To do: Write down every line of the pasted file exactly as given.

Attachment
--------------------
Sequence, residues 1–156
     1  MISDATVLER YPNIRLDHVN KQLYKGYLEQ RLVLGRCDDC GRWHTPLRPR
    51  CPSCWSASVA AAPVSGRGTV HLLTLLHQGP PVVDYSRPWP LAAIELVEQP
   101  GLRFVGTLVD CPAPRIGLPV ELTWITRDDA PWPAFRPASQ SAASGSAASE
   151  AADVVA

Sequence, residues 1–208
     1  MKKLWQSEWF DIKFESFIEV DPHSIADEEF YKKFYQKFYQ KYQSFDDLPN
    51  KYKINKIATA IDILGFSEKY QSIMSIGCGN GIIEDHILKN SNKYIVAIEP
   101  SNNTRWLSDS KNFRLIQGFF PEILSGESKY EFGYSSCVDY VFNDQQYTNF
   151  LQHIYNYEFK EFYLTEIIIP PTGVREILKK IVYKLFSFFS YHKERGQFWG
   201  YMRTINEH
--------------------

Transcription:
Sequence, residues 1–156
     1  MISDATVLER YPNIRLDHVN KQLYKGYLEQ RLVLGRCDDC GRWHTPLRPR
    51  CPSCWSASVA AAPVSGRGTV HLLTLLHQGP PVVDYSRPWP LAAIELVEQP
   101  GLRFVGTLVD CPAPRIGLPV ELTWITRDDA PWPAFRPASQ SAASGSAASE
   151  AADVVA

Sequence, residues 1–208
     1  MKKLWQSEWF DIKFESFIEV DPHSIADEEF YKKFYQKFYQ KYQSFDDLPN
    51  KYKINKIATA IDILGFSEKY QSIMSIGCGN GIIEDHILKN SNKYIVAIEP
   101  SNNTRWLSDS KNFRLIQGFF PEILSGESKY EFGYSSCVDY VFNDQQYTNF
   151  LQHIYNYEFK EFYLTEIIIP PTGVREILKK IVYKLFSFFS YHKERGQFWG
   201  YMRTINEH